Have you ever wondered how much the herd mentality affects your thought life? Perhaps, our hostility toward one another is not based on facts, but on a desire to be included in a particular group. Professor Jacobs digs into the nuts and bolts of the cognitive process, offering hope that each of us can reclaim our mental lives from the impediments that plague us all.
In this work, Peterson traces his journey of discovering of what it really means to be a pastor. As always, Peterson challenges conventional wisdom regarding church marketing, CEO pastors, and American Christian consumerism by presenting a simple, faith-based description of what being a minister means today. He urges us to pay attention to God, and to one another.
We live in the age of skepticism, where so much faith is placed in reason, progress, and emotion that one might wonder: why should anyone believe in Christianity? In this follow up The Reason for God (2009), Keller explores what role can faith and religion play in our modern lives.
In this book, Vanhoozer argues that theology is not merely a set of cognitive beliefs, but is also something we do that involves speech and action alike. In order to illustrate his point, he uses a theatrical model to explain the ways in which doctrine shapes Christian understanding and forms disciples. According to Vanhoozer, disciples need doctrinal direction as they walk onto the social stage in the great theater of the world.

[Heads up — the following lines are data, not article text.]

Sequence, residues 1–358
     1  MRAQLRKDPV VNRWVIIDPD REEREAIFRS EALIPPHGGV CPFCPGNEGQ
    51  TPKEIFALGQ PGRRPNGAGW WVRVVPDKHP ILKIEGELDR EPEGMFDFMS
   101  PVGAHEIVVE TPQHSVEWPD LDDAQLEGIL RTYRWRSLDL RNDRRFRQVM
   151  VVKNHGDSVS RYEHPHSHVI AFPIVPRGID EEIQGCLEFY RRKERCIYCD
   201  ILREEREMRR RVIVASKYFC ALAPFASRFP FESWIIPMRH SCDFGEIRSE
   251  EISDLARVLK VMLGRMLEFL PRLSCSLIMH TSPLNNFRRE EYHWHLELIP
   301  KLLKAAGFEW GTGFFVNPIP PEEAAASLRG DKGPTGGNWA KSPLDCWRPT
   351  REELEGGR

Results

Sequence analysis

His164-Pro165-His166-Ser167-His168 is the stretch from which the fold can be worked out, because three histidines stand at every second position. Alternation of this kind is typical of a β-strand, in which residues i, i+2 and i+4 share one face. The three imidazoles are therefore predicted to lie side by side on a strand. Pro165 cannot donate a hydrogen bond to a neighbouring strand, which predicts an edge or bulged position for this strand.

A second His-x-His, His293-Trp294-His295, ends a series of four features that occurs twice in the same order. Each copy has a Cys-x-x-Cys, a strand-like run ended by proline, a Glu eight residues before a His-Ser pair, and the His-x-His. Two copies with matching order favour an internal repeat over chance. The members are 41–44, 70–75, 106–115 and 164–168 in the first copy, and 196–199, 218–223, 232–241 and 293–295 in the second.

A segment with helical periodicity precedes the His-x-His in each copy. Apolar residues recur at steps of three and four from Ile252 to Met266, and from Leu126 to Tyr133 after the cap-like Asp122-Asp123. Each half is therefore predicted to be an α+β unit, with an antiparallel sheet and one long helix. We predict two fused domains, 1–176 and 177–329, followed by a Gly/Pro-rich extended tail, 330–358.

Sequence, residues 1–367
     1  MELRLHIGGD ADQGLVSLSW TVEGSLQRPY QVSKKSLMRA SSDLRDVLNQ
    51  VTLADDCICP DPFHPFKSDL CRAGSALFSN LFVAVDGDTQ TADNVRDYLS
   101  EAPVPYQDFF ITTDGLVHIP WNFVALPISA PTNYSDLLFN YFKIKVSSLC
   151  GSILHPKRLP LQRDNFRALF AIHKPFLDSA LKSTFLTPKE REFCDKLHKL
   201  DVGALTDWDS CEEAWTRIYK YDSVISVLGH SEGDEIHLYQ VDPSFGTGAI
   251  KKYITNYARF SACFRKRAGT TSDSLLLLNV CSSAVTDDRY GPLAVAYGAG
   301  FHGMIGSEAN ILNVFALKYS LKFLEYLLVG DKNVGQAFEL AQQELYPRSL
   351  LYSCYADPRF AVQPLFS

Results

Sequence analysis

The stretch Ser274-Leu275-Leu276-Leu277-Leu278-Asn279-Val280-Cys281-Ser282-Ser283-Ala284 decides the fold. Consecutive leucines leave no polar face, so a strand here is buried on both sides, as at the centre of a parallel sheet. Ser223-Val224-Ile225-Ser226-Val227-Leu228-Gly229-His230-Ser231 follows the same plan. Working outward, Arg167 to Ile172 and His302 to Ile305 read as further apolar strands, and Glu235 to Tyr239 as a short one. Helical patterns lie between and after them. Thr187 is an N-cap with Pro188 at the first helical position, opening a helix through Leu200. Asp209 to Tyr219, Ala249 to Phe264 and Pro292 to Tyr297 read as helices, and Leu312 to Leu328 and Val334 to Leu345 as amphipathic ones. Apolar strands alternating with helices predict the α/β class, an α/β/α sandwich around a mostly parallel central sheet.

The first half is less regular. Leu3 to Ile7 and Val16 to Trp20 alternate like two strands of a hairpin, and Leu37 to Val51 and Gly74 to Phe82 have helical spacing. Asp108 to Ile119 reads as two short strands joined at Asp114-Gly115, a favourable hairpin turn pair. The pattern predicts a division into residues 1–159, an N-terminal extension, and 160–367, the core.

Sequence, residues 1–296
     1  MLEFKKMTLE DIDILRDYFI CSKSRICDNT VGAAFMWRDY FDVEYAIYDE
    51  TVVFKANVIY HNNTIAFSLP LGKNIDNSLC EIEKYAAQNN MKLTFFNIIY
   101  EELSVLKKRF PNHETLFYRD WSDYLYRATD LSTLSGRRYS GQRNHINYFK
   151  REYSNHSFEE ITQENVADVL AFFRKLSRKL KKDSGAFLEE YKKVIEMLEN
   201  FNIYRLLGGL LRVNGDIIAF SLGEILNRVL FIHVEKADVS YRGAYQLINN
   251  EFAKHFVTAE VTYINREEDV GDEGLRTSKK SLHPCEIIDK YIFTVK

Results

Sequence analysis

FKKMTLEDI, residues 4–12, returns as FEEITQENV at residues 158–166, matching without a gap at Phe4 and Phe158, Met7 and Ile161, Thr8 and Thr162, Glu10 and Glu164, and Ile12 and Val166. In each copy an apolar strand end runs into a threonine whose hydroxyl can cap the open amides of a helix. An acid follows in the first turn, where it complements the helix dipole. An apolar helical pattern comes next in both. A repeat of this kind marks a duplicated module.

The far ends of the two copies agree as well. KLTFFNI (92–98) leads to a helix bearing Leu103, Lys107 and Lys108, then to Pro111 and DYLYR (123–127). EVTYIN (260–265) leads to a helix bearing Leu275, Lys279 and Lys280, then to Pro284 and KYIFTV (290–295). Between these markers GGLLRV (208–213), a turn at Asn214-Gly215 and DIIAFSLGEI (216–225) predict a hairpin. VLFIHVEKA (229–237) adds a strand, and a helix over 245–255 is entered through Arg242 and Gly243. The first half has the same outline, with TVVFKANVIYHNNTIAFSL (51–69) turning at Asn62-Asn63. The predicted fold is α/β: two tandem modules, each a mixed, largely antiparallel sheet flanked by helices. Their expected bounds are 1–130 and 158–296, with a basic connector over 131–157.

Why do so many pastors implode under the spotlight? Why do modern-day churches become so entangled in growing their brand that they lose sight of their true purpose? Because, according to Goggin and Strobel, Christians have succumbed to the temptations of power and forgotten Jesus’ seemingly contradictory path to power – giving it up. This book paints a richly biblical vision of power through weakness.
The gospel answers life’s most foundational questions about identity, destiny, and purpose. Union with Christ is a central gospel metaphor for understanding what it means to live in Christ and actually become like Him. According to Wilbourne, nothing is more practical for living the Christian life than grasping this reality!